Parker County Today August 2016 - Page 39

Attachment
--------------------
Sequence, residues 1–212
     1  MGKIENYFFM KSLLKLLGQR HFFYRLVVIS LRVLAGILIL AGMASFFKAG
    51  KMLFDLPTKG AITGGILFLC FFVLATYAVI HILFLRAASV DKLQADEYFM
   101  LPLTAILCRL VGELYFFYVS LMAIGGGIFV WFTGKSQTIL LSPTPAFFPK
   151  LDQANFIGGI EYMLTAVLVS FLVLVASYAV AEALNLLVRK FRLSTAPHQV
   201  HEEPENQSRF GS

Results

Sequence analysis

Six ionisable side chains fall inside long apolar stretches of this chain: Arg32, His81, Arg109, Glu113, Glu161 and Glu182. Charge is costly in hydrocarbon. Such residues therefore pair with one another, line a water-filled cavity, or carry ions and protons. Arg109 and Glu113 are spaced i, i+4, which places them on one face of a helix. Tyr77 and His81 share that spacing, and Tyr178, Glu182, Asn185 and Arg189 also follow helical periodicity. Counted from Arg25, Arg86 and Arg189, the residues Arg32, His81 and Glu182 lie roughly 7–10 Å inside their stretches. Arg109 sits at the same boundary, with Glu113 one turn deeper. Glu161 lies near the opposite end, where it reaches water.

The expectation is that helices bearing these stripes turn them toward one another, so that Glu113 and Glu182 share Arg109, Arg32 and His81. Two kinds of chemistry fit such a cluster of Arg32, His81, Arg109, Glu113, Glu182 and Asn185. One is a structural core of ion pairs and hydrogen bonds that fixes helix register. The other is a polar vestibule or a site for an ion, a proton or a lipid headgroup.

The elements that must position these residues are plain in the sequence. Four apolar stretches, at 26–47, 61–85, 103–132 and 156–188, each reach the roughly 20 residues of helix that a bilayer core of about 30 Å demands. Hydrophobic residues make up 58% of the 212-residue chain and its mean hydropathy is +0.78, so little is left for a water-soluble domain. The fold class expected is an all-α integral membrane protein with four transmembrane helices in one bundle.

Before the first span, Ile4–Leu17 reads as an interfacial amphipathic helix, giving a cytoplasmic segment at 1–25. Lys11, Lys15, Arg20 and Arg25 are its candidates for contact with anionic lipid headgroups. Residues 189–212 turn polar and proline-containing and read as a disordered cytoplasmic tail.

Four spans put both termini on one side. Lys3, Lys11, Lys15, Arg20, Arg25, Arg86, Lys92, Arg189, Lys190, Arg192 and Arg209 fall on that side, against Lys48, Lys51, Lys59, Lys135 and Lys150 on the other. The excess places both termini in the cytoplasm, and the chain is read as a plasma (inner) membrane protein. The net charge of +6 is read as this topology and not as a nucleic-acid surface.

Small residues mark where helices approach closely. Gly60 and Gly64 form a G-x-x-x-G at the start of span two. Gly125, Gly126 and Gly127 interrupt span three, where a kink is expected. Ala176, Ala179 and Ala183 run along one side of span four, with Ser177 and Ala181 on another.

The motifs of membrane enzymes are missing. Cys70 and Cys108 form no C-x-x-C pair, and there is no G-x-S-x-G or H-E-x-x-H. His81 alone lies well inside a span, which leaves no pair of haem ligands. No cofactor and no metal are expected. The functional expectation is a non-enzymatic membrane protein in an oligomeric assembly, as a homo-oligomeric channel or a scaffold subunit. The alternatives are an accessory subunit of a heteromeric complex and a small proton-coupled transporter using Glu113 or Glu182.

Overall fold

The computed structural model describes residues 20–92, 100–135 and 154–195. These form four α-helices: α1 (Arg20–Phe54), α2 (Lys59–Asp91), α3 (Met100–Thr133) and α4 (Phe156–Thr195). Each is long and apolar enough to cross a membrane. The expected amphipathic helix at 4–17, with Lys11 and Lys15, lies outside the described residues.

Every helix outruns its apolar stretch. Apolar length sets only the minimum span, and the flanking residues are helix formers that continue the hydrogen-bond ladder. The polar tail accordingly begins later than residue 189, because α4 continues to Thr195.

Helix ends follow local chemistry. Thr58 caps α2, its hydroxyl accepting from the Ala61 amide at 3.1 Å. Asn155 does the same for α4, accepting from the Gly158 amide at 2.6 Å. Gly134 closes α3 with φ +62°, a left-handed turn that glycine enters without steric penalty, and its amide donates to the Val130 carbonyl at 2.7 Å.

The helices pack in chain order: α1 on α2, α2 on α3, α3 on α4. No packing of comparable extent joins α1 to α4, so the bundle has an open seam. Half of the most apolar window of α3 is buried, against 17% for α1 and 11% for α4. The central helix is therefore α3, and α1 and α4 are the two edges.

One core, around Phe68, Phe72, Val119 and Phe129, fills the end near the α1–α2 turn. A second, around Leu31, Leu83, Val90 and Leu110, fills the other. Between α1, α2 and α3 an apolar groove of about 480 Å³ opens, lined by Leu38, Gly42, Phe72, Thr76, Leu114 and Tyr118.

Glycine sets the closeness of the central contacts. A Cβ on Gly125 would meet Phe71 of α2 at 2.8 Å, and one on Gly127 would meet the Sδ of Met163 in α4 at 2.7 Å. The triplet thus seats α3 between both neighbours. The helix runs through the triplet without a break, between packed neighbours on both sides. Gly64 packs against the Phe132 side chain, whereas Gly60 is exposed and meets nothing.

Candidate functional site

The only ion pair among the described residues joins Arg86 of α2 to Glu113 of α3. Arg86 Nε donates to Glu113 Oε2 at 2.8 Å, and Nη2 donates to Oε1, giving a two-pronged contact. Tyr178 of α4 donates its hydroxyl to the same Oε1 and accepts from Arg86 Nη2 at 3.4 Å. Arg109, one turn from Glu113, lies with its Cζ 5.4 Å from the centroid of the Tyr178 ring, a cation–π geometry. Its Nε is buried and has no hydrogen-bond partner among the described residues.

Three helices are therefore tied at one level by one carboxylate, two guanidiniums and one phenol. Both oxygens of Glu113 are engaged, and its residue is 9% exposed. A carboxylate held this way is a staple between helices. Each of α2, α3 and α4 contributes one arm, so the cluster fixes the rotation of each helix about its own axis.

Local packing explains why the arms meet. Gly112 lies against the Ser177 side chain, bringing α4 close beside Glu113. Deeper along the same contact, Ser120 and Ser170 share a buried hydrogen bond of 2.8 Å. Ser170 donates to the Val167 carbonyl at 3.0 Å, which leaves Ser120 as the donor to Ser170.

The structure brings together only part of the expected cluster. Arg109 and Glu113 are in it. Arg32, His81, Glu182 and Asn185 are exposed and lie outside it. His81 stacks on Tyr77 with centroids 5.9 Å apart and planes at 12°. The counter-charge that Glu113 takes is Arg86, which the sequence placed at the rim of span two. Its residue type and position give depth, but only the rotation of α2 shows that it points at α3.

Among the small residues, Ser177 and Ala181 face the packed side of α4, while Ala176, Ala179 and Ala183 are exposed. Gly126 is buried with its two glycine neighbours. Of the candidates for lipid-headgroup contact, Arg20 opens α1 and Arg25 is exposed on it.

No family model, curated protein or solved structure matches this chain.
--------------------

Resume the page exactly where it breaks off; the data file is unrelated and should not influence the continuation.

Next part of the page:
Back To School, for doctors too ... “There is nothing more important to me as a physician than your cancer treatment. I’ve been in practice for nearly two decades and have had the privilege of telling many patients that there is life beyond cancer. As president of The Center for Cancer and Blood Disorders, I want to lead by example, practicing a firm belief that all patients should receive the finest medical care available, with the same concern and compassion as a cherished member of the family.” Ray Page, D.O., Ph.D. President and Medical Oncologist The Center for Cancer and Blood Disorders The heights by great men reached and kept were not attained by sudden flight, but they, while their companions slept, were toiling upward in the night. - Longfellow This quote hits home for me as I reflect on my 17 years of training with endless sleepless nights in the hospitals where I experienced fear and sweaty palms because I stood between the patient and death. Never would I imagine that in my almost 20 years of practice since then that my education would become even more expansive and intensive. Educating young doctors, medical students, and graduate students gives me great personal reward. I am very excited that over the next year I am going to be mentoring a “rising star” oncologist in a Healthcare Policy Fellowship program newly developed by the American Society of Clinical Oncology (ASCO). There are two outstanding doctors in this inaugural class – one from Harvard (who works with me on the AMA House of Delegates policy) and the other from the University of Chicago. I was asked by ASCO leadership to spend the next year mentoring one of the fellows. He graduated from Stanford with honors; cum laude at Harvard Medical school; MBA at Harvard Business School; and Chief Oncology Fellow at the University of Chicago. He has done quite a bit of Healthcare Policy work and spent time in Mumbai, India working with the HIV positive transgender population. I felt sorry for him having such a narrow institutional medical exposure (joking, kinda), so with trepidation I am going to bring him to little ol’ Weatherford, Texas to show him how healthcare policy in oncology affects us in the trenches of private practice providing cancer care in small town Texas. He will have an epiphany. We will work nationally to tackle the high costs of cancer drugs and develop a certification program for treatment pathways in cancer. These young doctors will learn they are only on the tip of the iceberg of their knowledge base and they will become great physicians only by staying engaged in lifelong learning. Schedule appointments by calling 817-596-0637 or online at Support services sponsored by: To learn more about cancer care issues or to consult with a physician about a cancer diagnosis, contact us at 817.596.0637. AUGUST 2016 PA R K E R C O U N T Y T O D AY Finally, I am very proud to be serving on the Weatherford Regional Medical Education Committee and share in the excitement in bringing in our first medicine residents into training in the hospital. 37